Net income rose 34% to $5.71 billion, or $1.40 a share, from $4.26 billion, or $1.02, a year earlier, the New York-based company said today in a statement. Earnings, which included a loss on accounting adjustments, beat the average estimate of $1.20 among 30 analysts surveyed by Bloomberg.
JPMorgan is still recovering from a wrong-way bet on credit derivatives that cost the bank about $6.25 billion through the first nine months of this year, not including what the bank said was a “modest” additional loss in the third quarter. Chief Executive Officer Jamie Dimon, 56, got help restoring investor confidence from historically low interest rates and government programs that fueled demand for home loans.
“The housing market has turned the corner,” Dimon said in the statement. “We were encouraged that credit trends continued to modestly improve, and, as a result, the firm reduced the related loan-loss reserves by $900 million.”
Low interest rates have also been hurting the industry as banks earn less on the money they lend. The bank’s net interest margin, which measures profitability on loans and other interest-bearing assets, dropped to 2.43% from 2.66% a year earlier.
“Investors are using that as an excuse to take profits,” said Paul Miller, a former examiner with the Federal Reserve Bank of Philadelphia and an analyst at FBR Capital Markets Corp.
JPMorgan fell 0.5 % to $41.62 as of 4:15 p.m. in New York. The stock was up 27% this year before today, while the KBW Index of the largest banks rose 30 %.
Wells Fargo & Co., the largest mortgage lender, fell 2.6% after reporting that its net interest margin narrowed as well.
JPMorgan’s revenue climbed 6% to $25.9 billion from $24.4 billion during the third quarter of last year. At the investment-banking unit, it fell 1% to $6.28 billion from $6.37 billion.
Trading revenue, which includes fixed-income and equity- markets, was virtually unchanged at $4.76 billion, the company said. The investment bank’s credit portfolio, which contains the remaining credit derivatives position that generated the loss in the chief investment office in London, generated $90 million in revenue from $578 million in the third quarter of last year.
Fixed-income trading, excluding accounting adjustments, jumped 33% to $3.73 billion from a year earlier while equity trading was little changed at $1.04 billion.
Industrywide third-quarter equities-trading revenue probably fell 14% from the same period in 2011, according to estimates by Kian Abouhossein, a JPMorgan analyst.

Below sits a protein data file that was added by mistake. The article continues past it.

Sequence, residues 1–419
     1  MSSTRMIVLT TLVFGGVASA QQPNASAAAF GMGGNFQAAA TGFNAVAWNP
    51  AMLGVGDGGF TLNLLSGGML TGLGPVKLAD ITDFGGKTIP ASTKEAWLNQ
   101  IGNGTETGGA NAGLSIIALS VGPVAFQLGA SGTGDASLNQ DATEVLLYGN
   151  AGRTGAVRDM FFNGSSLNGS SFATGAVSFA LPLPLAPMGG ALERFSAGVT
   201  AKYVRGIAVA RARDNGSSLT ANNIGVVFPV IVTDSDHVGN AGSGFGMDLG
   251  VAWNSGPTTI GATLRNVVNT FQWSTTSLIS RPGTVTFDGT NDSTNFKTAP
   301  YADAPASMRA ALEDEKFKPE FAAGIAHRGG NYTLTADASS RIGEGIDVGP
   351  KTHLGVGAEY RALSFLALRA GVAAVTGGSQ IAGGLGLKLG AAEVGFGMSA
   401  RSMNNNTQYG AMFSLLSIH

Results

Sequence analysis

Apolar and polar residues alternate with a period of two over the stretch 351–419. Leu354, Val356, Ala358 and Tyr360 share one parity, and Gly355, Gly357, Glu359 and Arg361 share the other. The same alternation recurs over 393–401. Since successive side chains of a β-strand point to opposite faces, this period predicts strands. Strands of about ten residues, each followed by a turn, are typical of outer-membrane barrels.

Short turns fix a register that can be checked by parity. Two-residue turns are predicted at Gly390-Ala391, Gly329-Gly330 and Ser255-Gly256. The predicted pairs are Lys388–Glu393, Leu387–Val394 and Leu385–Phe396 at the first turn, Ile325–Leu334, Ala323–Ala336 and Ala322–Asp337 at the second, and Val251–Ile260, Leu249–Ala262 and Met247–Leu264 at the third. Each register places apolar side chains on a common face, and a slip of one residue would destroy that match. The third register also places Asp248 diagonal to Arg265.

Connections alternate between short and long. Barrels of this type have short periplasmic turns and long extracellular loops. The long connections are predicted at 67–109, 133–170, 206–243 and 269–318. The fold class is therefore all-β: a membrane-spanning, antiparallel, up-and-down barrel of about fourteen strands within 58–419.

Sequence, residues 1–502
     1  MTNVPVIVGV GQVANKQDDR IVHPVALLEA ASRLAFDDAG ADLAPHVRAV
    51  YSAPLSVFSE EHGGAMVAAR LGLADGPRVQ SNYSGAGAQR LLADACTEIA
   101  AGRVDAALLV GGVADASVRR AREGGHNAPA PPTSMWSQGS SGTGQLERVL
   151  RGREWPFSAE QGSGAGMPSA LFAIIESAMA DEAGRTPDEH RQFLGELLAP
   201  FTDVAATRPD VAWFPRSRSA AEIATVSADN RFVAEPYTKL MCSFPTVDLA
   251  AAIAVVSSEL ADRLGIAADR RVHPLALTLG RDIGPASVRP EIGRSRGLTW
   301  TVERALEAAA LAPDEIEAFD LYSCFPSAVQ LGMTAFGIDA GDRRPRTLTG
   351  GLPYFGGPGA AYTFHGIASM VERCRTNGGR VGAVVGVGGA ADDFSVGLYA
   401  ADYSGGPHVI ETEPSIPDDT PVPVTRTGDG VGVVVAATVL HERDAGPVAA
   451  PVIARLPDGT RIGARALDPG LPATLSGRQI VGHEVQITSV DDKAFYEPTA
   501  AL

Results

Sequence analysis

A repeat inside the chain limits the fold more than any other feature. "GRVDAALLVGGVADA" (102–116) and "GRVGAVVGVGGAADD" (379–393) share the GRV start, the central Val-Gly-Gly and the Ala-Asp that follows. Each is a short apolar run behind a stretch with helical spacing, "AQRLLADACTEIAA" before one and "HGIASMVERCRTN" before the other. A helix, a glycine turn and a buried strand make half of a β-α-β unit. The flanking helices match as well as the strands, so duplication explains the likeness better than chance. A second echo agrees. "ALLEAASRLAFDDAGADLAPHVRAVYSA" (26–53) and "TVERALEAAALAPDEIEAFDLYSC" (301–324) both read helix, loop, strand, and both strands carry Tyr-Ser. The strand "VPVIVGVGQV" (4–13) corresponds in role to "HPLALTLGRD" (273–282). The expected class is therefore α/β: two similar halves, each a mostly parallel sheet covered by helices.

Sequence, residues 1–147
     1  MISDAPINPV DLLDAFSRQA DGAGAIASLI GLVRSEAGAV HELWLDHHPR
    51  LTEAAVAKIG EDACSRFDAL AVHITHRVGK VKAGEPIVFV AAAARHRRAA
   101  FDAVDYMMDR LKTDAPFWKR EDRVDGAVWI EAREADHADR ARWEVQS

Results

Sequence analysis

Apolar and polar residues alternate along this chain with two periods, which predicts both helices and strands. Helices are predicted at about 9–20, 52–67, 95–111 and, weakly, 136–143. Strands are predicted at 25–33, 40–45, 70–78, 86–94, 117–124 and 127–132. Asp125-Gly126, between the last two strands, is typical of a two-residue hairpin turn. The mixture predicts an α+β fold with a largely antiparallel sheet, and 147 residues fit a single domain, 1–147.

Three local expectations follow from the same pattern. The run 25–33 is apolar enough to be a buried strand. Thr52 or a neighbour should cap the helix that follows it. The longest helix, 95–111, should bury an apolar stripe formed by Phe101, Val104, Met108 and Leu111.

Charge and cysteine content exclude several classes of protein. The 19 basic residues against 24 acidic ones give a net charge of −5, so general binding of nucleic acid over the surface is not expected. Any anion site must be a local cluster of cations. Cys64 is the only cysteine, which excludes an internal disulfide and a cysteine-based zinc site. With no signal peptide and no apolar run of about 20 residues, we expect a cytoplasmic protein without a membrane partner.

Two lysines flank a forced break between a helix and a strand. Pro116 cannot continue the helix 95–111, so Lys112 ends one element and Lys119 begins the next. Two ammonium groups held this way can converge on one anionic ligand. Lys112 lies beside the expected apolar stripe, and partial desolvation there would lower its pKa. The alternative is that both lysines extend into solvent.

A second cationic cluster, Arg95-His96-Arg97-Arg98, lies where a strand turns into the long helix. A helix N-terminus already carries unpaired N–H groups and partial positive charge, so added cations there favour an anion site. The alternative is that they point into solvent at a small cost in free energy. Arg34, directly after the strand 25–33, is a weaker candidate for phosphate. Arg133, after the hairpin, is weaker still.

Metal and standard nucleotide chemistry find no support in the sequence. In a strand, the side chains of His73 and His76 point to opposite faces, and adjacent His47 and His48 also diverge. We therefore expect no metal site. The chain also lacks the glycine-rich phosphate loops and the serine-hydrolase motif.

Trading and the investment bank’s credit portfolio declined by $211 million because of a so-called debt-valuation adjustment in the third quarter as the price of the bank’s debt rose.
Retail banking, which includes home loans and checking accounts, earned $1.41 billion, up 21% from $1.16 billion a year earlier.
JPMorgan benefited from gains in mortgage lending as low interest rates and federal incentive programs encouraged homeowners to refinance. Dimon said on a call with analysts that refinancings accounted for about 75% of mortgage volume during the quarter.
Mortgage fees and related revenue totaled $2.38 billion, compared with $1.38 billion a year earlier. Demand for loans also rose as the unemployment rate fell to 7.8 % in September from 9.0 % a year ago.
Fewer consumers fell behind on their credit-card payments in the third quarter compared with the same period in 2011. Loans at least 30 days overdue, a signal of future write-offs, fell to 2.15% from 2.9% in 2011. Write-offs dropped to 3.57% from 4.7% the prior year and 4.35% in the previous quarter.
Industrywide, U.S. credit-card delinquencies were 2.32% in August, down from 3.04% a year earlier, according to Moody’s Investors Service.
Residential mortgage volume in the U.S. rose about 33% to $412 billion in the third quarter from a year earlier, according to estimates by the Mortgage Bankers Association.
The Office of the Comptroller of the Currency forced the industry to write down mortgages to borrowers who have filed for bankruptcy protection, which cost JPMorgan a one-time charge of $825 million in the third quarter, Chief Financial Officer Douglas Braunstein told reporters on a conference call.
JPMorgan wrote down about $2.8 billion in loans, most of which were home-equity loans, to the value of their underlying collateral, Braunstein said.
“We would expect, given the characteristics of the loans we were asked to charge off, that we will receive that value back in the form of principal payments over time,” he said.
The change forced San Francisco-based Wells Fargo to increase net loan charge-offs by $567 million in the third quarter, the bank said.